Signed for now and the future?
Should a termination provision be valid if it starts out legal but could later violate employment standards?
Apr 7, 2015
By Jeffrey R. Smith
“That was a right-pretty speech, sir. But I ask you, what is a contract? Webster's defines it as ‘an agreement under the law which is unbreakable.’ Which is unbreakable!” — Lionel Hutz, “The Devil and Homer Simpson” from The Simpsons Halloween Special IV.
Canadian employment law provides many protections for employees and it sometimes seems employers have to jump through hoops to terminate someone’s employment. It’s a common recommendation that employers should include termination provisions in their employment contracts with sets out the terms of dismissal including the employee’s entitlement to notice or pay in lieu of notice in the case of dismissal without cause.
Though these terms must comply with employment standards minimums, there is no legal requirement to offer any more. So, even though there is established case law that determines notice entitlement for dismissed employees based on factors such as age, length of service, position, and the job market for similar work, if an employee signs a contract limited notice to less than the common-law precedents, the employer isn’t obligated to shell out any more than that.
Care still has to be made when drawing up termination provisions, but can such provisions comply or not comply with employment standards at different times? Recently, an Ontario court upheld a termination provision in an employment contract that a dismissed employee challenged due to questions over its compliance with employment standards. The provision provided for two weeks’ notice at any time if the employee was dismissed without cause. The employee was fired after two years of service.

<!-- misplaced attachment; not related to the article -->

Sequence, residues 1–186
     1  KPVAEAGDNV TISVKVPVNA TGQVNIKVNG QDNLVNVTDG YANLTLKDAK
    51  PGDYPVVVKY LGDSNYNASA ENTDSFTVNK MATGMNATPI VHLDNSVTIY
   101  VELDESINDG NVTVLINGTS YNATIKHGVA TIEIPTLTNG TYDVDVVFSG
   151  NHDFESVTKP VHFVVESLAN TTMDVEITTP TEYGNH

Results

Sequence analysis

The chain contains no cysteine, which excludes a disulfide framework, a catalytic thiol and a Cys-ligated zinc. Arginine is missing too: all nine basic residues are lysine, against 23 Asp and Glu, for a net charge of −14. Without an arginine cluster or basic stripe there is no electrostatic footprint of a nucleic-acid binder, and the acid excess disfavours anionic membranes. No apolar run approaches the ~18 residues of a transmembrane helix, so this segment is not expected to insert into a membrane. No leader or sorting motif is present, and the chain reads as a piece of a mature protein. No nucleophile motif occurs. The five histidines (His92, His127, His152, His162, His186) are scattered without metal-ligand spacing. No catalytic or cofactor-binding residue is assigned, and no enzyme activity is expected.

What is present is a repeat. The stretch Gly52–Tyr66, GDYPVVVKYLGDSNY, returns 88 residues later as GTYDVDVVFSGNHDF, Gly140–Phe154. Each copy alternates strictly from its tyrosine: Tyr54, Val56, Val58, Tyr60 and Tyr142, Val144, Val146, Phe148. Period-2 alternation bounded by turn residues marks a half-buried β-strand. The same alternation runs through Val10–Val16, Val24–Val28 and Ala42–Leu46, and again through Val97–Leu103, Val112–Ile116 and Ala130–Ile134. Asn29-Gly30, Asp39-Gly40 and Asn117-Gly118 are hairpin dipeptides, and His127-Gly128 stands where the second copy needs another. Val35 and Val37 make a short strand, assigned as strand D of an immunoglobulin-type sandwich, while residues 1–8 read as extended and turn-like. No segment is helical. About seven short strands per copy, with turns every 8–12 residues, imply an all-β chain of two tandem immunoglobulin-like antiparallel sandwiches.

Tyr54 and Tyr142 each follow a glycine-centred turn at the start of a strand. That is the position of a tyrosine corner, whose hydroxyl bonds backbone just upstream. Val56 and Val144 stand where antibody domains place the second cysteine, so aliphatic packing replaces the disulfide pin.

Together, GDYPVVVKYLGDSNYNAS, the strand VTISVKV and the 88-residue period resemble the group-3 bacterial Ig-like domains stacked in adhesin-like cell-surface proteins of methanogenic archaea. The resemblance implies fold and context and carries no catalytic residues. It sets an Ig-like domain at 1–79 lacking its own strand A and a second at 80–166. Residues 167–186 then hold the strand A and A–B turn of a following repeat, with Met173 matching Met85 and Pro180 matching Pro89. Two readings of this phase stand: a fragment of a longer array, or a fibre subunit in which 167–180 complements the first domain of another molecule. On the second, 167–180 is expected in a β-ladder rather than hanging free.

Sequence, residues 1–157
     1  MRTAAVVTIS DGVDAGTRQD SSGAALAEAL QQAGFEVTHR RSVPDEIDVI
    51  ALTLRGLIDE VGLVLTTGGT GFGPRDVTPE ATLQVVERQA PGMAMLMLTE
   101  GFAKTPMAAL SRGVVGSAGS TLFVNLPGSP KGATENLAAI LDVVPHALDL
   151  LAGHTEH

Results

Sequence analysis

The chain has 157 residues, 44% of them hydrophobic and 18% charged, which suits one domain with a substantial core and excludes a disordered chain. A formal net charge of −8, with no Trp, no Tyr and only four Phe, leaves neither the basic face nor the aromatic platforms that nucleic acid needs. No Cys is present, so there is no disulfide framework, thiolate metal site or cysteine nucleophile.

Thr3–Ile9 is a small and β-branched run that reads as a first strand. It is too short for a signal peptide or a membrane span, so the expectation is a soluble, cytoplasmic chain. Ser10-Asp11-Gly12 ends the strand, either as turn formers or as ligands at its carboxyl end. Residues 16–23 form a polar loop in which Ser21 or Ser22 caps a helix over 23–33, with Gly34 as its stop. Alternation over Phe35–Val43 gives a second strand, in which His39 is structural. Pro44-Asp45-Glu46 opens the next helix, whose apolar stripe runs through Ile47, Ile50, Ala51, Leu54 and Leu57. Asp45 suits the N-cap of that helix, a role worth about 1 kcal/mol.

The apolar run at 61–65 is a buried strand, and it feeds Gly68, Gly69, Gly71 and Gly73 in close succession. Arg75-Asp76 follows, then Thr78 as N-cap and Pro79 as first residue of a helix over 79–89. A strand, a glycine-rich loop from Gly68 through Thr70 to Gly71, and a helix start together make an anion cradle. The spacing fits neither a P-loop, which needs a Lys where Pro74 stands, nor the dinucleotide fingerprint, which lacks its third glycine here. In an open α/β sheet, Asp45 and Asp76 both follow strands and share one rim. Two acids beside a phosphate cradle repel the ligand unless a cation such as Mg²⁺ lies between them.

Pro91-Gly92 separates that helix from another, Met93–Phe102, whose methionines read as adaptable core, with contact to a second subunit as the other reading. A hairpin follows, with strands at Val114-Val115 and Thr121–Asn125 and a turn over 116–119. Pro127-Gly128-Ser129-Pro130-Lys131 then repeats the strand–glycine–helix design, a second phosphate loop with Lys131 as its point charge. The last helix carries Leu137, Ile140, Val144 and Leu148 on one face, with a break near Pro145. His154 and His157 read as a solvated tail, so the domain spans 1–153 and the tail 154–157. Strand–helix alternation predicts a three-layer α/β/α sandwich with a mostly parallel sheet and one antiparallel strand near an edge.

Though two weeks’ notice was the employee’s minimum entitlement under Ontario’s Employment Standards Act, 2000 (ESA), the employee argued the provision wasn’t valid because it wouldn’t comply if he was fired with a longer service time. The court found since the employee received his legal entitlement and suffered no loss at the time of his dismissal, it didn’t matter if the provision breached employment standards minimums in a “hypothetical set of facts” that created the “potential” for non-compliance: see Shapka v. Interbase Consultants Ltd. (2014), (Ont. S.C.J. Sm. Cl. Ct.).
However, an Ontario court took a different view about three years ago. An employee was dismissed after five years of employment and a termination provision in his contract stipulated employees with five to 10 years of service were entitled to “13 weeks' base salary, plus one additional week of base salary for every year from six to 10 years of service up to a maximum of 18 weeks.” The ESA provided for five weeks’ notice and five weeks of severance pay for five years of service, so the employee received more than legislated minimums.
However, the court found the amounts in the provision were less than ESA minimums with longer service. The amount stipulated stayed the same until 10 years of service, while ESA minimums went up each year -- statutory severance pay in Ontario is one week’s pay for every completed year of service plus each additional month of service divided by 12. By 8.5 and 9.5 years of service – as well as later on – the employee’s entitlement in the contract would be less than the ESA minimums.
The court found that as long as the termination provision did not follow employment standards legislation at any point, it was void. It then awarded the employee a common-law notice entitlement of 12 months: see Wright v. Young & Rubicam Group of Cos., 2011 CarswellOnt 10754 (Ont. S.C.J.).
These are two different takes on a similar issue – when a termination provision meets employment standards minimums at the time of termination, but potentially violates them in the future. It can be argued the employee agreed to the contract, but it’s also established that parties to an employment contract can’t contract out of the employment law minimums. Should such provisions be considered void, or should they be upheld as long as the employee isn’t disadvantaged at the time of termination?
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Jeffrey R. Smith is the editor of Canadian Employment Law Today, a publication that looks at workplace law from a business perspective.